The 10 main things that you should consider before choosing a simulation for your course

1. The learning objectives and key decisions

A simulation will always try to be a piece of reality into your classroom. But what is the main goal for you to be using one? Sometimes can be decision making in a team with limited time, or for them to analyze the data of their decisions and tell you exactly what they don’t know. 

A simulation with a broad learning objective it’s good, but 

What are the key decisions to be made? 

2. The learning curve for you and your students: 

One of the most difficult part is learning how to use the simulation. To read the teaching note, watch the videos. And what about the learning curve of your students? Student’s on boarding is also an issue, because it has to be intuitive for them to understand how to start the simulation. They need to know anything in advance to run the simulation? 

Consider if the company offers support in case you have doubts. If you send an email with questions you expect to be answered fast. 

Probably it’s going to be more difficult the first time, but then it gets easier. 

3. Support material 

Every simulation should always have a teaching note with the detailed description of the simulation. Other support material are presentations to the introduction and debriefing, and of course, the case study. In simulations, companies may offer more than one option of case study depending on your learning objectives (because yes, that’s one of the main benefits of using a simulation)

4. Works in every system? chrome , ios?

Yes, this one is one of the questions that you are not asking. Every system is different, so development companies need to have a simulation that can run in different computers. When the simulation hasn’t been updated in a long time, you can experience issues such as frozen windows or other software errors, known as bugs.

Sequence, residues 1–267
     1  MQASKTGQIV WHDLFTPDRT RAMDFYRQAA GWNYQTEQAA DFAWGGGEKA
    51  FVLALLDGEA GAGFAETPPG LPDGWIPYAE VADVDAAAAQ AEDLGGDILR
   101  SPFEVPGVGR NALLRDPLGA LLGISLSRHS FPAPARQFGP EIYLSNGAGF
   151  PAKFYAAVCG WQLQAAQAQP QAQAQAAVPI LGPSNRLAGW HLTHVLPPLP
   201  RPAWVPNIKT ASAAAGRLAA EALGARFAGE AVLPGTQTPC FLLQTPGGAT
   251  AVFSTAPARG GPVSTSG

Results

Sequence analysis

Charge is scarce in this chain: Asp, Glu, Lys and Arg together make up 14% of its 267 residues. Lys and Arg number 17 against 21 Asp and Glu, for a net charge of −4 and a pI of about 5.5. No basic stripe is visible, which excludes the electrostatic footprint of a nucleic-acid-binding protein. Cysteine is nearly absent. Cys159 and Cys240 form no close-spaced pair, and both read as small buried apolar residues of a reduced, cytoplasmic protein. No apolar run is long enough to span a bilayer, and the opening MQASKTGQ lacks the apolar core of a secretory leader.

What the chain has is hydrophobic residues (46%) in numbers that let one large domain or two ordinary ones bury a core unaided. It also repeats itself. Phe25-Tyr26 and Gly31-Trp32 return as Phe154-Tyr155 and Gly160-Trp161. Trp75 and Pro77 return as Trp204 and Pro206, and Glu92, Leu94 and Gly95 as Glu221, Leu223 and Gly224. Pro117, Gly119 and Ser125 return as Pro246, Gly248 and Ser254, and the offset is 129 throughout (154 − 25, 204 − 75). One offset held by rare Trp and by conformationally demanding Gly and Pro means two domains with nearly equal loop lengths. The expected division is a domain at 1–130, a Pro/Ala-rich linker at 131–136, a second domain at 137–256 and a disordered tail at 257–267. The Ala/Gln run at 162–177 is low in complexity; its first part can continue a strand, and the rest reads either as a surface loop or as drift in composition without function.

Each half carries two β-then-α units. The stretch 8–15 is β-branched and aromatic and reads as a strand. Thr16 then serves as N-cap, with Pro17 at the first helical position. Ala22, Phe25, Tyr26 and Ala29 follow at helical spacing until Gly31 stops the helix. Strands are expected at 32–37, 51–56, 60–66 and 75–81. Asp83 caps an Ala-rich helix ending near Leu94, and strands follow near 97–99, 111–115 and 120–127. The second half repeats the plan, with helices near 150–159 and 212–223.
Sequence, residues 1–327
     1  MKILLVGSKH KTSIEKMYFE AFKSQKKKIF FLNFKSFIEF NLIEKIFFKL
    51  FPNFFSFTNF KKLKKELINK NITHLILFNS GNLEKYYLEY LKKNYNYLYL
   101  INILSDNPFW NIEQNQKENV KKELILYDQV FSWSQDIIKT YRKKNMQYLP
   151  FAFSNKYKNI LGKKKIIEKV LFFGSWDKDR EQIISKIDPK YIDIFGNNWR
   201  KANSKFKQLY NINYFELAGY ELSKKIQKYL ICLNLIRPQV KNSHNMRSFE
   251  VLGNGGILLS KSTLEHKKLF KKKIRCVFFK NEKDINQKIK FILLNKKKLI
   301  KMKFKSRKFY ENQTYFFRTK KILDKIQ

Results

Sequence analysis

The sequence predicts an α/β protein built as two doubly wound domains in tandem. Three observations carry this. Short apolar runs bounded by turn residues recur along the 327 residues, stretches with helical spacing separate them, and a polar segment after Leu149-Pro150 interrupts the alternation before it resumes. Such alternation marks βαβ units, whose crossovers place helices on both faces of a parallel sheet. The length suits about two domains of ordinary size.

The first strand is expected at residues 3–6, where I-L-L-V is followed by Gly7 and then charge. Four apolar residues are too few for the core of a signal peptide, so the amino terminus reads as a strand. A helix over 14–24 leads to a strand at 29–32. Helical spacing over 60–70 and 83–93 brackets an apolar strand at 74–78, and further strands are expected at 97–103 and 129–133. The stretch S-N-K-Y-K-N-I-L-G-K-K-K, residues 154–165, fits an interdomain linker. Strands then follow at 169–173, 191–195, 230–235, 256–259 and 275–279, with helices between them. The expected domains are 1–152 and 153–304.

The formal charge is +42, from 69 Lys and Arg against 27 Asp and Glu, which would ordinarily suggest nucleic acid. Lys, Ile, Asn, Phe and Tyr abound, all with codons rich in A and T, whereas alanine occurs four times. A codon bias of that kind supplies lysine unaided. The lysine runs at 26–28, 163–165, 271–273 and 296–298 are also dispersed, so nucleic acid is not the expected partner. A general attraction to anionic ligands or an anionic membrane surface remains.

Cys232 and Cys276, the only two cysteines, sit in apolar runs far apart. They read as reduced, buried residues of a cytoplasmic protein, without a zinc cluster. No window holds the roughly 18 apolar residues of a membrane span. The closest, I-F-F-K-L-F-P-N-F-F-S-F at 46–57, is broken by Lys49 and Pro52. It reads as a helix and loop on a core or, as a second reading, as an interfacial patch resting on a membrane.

You just need to ask, does this simulation run ok in Chrome, IOS, Firefox? 

5. Language 

If you are playing in a multilanguage 

At GameLab we like that students can choose the language, so they feel comfortable during the simulation and concentrate all their energy in the learning experience. 

6. Debrief

What do the results look like? Simulations often have a debrief dashboard, where you can easily see the results of teams or students. When you have access to that data you can see what is that they are not learning well and can reinforce that concept. 

7. If you want a grade, escala? 

If you want to use the simulation as a test or a quiz you should know in advance how you will evaluate your students. You can use for example 

8. Competition mode

Many simulations have a competition mode where students can compete with each other. You need to ask yourself. Do I want them to compete? 

The benefits of competing: 

We always recommend a homework session where students can learn with the simulation at their homes and use it as a learning tool and a class session with a difficult scenario where students compete. 

Once I saw a class where students didn’t want to go to recess because they were so into the simulation. I remember the face of the professor when he told me : “I’ve never seen students that didn’t want to go to recess in my whole career”. 

9. Timing

Consider if you want the simulation to be a learning experience or a closure experience. 

10. The World

11. Price

Probably you are not paying for the simulation, but you need to keep in mind the faculty budget. This is especially hard for non-us countries where fluctuations of the dollar can be critical. 

Once you have all this information you are good to go! Teaching with simulations can be hard the first time, but when you pass that bridge you won’t be able to stop using it. The whole experience is more engineering for the student and more efficient for the lecturer, because you can track decisions. 

We invite you to look into our portfolio and see if one of our simulations fit into your class!